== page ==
According to the New York Post's Joel Sherman and Mike Puma, the Mets will welcome Minnesota Twins bench coach Derek Shelton for a third interview, with Washington Nationals first base coach Tim Bogar, ESPN analyst Eduardo Perez and retired MLB All-Star Carlos Beltran "also expected to return."
Puma and Sherman noted that the Mets are being more thorough than when they hired Callaway, whom the organization committed to after one round of interviews. Callaway served as manager for two years and posted a 163-161 record but failed to make the postseason.
Beltran played for the Mets from 2005 to 2011 and was named an All-Star in five of those years. More recently, on Oct. 3, SNY's Andy Martino reported that someone close to Beltran felt there was "no chance" he would manage the Mets or any other team.
On Oct. 13, Beltran contradicted that when he told Dan Martin of the New York Post that he would only consider managing if it were managing the Mets. "I just feel like living in New York is the right fit for me," he said.
Bogar also played for the Mets, though before Beltran from 1993 to 1996.
As for Perez, the 50-year-old played from 1993 to 2006 for six different clubs but never the Mets. On Oct. 25, USA Today's Bob Nightengale pegged Perez as "the clear front-runner" to became New York's next manager, while Martino named Perez and Bogar as the two most likely candidates:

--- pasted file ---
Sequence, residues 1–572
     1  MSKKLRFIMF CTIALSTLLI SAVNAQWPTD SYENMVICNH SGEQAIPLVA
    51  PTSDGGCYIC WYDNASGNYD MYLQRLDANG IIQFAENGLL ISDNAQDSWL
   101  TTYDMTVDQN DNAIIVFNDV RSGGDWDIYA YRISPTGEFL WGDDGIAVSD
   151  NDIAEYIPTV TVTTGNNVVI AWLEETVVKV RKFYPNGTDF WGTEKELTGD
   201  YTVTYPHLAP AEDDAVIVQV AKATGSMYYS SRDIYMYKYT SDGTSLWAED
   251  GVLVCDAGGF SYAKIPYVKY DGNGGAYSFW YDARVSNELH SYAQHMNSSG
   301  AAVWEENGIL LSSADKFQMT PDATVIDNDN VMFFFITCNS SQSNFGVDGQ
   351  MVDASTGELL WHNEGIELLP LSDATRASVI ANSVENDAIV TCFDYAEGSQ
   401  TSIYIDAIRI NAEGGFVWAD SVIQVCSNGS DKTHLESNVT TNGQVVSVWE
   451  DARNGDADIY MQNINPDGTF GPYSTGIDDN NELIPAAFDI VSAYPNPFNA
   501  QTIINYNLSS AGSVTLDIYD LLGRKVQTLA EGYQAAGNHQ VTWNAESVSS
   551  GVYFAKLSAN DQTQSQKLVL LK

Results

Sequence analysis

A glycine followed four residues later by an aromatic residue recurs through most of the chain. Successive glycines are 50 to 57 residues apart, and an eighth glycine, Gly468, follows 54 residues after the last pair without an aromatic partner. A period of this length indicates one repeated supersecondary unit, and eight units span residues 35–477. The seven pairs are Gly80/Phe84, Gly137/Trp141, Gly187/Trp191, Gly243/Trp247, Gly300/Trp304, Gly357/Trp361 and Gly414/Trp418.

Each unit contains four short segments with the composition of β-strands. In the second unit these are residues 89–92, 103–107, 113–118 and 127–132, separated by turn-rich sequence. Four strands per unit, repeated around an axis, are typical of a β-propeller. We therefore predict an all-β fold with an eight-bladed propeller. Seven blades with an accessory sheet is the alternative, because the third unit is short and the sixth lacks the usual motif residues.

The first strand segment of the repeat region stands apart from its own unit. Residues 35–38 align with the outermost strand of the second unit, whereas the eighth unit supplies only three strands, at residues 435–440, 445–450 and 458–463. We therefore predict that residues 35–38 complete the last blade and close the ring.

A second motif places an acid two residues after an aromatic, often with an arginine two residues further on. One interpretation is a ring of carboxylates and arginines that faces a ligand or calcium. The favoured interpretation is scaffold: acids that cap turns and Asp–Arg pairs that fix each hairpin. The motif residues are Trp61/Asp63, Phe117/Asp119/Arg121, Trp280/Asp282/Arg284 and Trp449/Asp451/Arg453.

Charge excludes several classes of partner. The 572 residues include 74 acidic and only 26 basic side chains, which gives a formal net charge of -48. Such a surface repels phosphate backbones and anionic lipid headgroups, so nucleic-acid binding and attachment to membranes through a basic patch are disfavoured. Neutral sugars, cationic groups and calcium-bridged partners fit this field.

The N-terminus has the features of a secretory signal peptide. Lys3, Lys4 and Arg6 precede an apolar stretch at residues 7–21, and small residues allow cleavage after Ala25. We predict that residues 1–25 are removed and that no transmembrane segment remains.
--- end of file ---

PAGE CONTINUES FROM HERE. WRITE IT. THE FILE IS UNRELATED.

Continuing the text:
However, the process might be slower because of Bogar coaching in the World Series:
Anthony DiComo @AnthonyDiComo
Carlos Beltrán, Eduardo Pérez and Tim Bogar (among potentially others) are all still involved in the Mets' managerial search, which is heading to a third round of interviews. Sounds like the process could get delayed in part due to Bogar, who is coaching in the World Series.
Bogar is finishing up his second season as the Nats' first base coach. His other experience includes Seattle Mariners bench coach (2016-17) and interim manager for the Texas Rangers in 2014.
Shelton, meanwhile, served his second year as Minnesota's bench coach in 2019. According to the team's official website, Shelton has been a major league coach "in some capacity" for 15 years. That includes being the Tampa Bay Rays' longest-tenured hitting coach in franchise history from 2010-16.
Kwang-Hyun Kim Wants to Make Jump to MLB
The Athletic's Ken Rosenthal tapped 31-year-old Korean pitcher Kwang-Hyun Kim as "a name to keep in mind" as MLB's offseason draws nearer.
Sources told Rosenthal that Kim "wants to play in the majors next season."
The southpaw plays for SK Wyverns of the KBO League in South Korea. He posted a 2.51 ERA and 1.24 WHIP with 180 strikeouts opposite 38 walks across 190 ⅓ innings pitched last season, according MyKBOStats.com.
In Nov. 2014, the San Diego Padres tried to acquire Kim. The Korean Baseball Organization accepted the Padres' bid for Kim's negotiating rights, the league announced at the time, but a deal was never made.
"Just couldn't agree on [a] contract dollar amount," Padres general manager A.J. Preller texted Dennis Lin of the San Diego Union-Tribune in Dec. 2014.
Kim has played for SK Wyverns since 2007, and 2019 saw him tie his highest career win total (17).